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  • Father’s Day Sulking Without Apology

    by Litsa Williamshttps://whatsyourgrief.comNo two ways about it, Father’s Day is pretty much my least favorite holiday. In fact, I pretty much hate the month of June in general. My father spent his last Father’s Day unconscious and vented in an ICU and died the next week.Every year Father’s Day creeps up on me. When I realize it’s coming I start wanting to avoid, knowing darn well what a bad idea that is. I have given and taken advice for coping...

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  • Father's Day 2015

    by Kelly FarleyWell, as much as I don’t like to think about Father’s Day, it’s kind of hard to ignore it.  All of the advertisements are in full swing on social media, websites, tv, radio and everywhere else I look.  It’s not that I am afraid of this day, I just don’t really know how to handle it.  I don’t have any living children to spend time with so I generally just spend quiet time with my wife.  Most of...

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  • Being A Mother After Your Child Dies

    by Nancy Bernshttp://www.nancyberns.comThis Mother’s Day, I look forward to sharing it with my amazing daughters. They are the world to me, and I am honored to be their mom.I am also a mother to my son, Zachariah, who was stillborn 11 years ago. I share this post in hope that mothers who are grieving the loss of a child will find solace in knowing you are not alone.After encountering another mom at the cemetery one spring day, I wrote this...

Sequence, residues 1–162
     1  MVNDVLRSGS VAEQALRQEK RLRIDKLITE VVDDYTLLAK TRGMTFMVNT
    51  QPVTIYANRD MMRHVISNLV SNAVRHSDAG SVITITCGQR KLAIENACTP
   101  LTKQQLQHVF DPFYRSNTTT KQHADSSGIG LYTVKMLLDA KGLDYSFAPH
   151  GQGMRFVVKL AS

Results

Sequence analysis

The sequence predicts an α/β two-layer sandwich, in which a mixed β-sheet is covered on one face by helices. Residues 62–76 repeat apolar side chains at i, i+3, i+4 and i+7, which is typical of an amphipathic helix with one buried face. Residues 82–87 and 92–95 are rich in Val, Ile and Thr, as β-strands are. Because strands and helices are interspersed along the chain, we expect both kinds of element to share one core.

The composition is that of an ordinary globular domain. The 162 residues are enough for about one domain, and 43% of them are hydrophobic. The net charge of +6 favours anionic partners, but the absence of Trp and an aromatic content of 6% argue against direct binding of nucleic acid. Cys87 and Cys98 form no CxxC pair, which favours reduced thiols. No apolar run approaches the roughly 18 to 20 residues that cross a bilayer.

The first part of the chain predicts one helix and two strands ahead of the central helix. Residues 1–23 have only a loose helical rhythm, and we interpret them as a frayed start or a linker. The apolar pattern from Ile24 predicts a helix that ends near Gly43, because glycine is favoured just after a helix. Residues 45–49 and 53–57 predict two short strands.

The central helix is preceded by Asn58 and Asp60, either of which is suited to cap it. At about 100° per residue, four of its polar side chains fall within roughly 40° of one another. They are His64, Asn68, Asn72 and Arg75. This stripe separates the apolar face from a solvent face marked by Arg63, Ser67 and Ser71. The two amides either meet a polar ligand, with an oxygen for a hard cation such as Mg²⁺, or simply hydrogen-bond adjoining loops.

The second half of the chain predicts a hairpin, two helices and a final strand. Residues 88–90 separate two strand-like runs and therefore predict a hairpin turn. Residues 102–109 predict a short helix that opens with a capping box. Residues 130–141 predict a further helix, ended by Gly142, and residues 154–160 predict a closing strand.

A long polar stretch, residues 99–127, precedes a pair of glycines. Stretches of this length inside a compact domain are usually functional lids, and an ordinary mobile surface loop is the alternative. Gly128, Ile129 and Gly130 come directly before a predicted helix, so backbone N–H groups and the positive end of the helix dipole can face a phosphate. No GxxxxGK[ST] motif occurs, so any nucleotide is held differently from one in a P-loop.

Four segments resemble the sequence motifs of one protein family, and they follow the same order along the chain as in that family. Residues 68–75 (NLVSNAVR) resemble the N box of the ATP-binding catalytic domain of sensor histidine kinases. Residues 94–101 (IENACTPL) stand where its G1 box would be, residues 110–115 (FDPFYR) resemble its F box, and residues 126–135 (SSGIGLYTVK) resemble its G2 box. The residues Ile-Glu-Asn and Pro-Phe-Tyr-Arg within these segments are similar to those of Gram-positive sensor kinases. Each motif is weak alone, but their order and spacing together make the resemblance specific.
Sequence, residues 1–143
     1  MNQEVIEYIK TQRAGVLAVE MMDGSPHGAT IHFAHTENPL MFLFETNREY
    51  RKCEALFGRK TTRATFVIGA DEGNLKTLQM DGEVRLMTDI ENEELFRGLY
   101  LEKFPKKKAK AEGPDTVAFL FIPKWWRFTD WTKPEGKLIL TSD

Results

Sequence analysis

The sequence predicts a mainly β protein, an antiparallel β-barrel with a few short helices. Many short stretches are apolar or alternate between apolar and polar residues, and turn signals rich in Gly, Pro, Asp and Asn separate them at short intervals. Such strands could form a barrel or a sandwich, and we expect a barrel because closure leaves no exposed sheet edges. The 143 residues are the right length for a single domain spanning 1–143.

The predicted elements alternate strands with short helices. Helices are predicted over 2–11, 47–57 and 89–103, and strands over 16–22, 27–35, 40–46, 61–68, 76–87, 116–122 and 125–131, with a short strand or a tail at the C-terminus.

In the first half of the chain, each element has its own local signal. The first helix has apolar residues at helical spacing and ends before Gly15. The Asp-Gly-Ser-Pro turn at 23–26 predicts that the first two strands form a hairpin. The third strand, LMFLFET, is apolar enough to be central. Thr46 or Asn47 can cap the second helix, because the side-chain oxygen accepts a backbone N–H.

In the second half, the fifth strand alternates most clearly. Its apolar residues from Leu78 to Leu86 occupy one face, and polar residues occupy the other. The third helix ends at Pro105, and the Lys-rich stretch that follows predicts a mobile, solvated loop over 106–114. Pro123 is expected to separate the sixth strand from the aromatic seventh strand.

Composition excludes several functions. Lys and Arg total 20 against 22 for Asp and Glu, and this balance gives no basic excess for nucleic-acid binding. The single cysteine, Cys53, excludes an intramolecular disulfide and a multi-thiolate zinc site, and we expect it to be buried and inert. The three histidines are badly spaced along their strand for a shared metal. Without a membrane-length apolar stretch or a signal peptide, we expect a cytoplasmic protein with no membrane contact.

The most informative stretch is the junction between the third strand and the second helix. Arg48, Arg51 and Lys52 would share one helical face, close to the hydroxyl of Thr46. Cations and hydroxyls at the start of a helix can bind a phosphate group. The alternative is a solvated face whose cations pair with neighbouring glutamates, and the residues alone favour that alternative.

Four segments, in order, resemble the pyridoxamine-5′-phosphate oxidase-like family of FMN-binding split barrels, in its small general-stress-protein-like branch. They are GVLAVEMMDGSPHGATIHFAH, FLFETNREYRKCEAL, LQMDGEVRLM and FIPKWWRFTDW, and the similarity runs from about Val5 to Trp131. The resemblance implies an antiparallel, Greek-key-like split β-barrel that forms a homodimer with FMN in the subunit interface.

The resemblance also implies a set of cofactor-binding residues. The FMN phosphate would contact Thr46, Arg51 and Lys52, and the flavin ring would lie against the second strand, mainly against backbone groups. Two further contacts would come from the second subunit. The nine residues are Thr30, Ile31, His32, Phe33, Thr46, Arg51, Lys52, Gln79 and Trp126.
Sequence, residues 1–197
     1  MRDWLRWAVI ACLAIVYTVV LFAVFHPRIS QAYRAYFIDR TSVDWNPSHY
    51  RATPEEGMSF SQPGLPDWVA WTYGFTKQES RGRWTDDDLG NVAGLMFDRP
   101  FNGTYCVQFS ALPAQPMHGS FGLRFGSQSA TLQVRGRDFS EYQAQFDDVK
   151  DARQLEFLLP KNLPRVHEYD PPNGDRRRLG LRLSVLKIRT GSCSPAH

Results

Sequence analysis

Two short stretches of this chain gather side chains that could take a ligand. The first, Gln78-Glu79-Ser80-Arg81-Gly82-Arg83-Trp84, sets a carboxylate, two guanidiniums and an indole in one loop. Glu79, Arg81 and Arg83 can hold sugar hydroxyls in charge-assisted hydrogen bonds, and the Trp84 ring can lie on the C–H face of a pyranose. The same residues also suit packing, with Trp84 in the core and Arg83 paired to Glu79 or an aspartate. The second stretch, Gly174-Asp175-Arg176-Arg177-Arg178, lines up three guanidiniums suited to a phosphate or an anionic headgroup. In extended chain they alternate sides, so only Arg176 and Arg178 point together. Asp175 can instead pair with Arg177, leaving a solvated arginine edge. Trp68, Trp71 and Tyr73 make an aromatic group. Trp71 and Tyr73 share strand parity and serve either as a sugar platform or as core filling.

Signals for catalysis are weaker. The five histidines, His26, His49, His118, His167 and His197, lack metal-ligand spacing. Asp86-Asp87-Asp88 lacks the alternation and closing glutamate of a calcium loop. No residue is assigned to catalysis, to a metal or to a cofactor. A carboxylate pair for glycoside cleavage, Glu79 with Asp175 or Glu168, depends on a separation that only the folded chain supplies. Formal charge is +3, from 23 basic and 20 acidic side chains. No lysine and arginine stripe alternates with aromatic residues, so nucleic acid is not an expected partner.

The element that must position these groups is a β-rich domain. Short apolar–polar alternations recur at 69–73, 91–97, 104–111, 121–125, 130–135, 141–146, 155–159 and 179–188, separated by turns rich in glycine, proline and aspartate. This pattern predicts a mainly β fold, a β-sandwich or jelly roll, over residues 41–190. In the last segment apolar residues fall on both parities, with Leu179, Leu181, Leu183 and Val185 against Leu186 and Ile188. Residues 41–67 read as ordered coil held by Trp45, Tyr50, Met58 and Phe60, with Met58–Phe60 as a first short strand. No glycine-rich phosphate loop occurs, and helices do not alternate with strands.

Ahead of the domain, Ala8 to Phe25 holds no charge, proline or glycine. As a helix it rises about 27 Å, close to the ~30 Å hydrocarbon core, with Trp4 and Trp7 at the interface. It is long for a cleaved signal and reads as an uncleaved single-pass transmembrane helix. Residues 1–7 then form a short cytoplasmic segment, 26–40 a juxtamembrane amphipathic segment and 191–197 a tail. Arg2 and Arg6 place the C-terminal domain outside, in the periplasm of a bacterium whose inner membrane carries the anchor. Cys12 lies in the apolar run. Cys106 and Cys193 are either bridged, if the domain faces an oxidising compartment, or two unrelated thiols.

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  • 7 Things I’ve Learned Since the Loss of My Child

    by Angela Millerhttps://abedformyheart.com/ Child loss is a loss like no other. One often misunderstood by many. If you love a bereaved parent or know someone who does, remember that even his or her “good” days are harder than you could ever imagine. Compassion and love, not advice, are needed. If you’d like an inside look into why the loss of a child is a grief that lasts a lifetime, here is what I’ve learned in my seven years of trekking...

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  • Childhood Grief: The Influence of Age On Understanding

    By Eleanor Haleyhttps://whatsyourgrief.com I have a daughter who is three years old.  She sees the world in a delightful way.  Everything is pink and sparkly. Yesterday she walked up to me with a skeptical look and asked, “Where is your mother?” Hmmm…I paused for a minute wondering where this question came from.  After a moment I simply responded, “she died”. “Oh,” she said “I wonder when she’s going to get up and feel better again”…and with that she waltzed away...

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  • How do I support a bereaved child?

    by Sue Ryderhttps://www.sueryder.org We all find it hard to cope when someone we love dies. Helping a child to cope with the loss of someone they love can be particularly difficult when you are dealing with your own grief. But there are things that you can do to support children through this difficult time. Just like adults, children go through a process of grief. And just as there’s no rulebook for being a parent, there’s no rulebook for how they...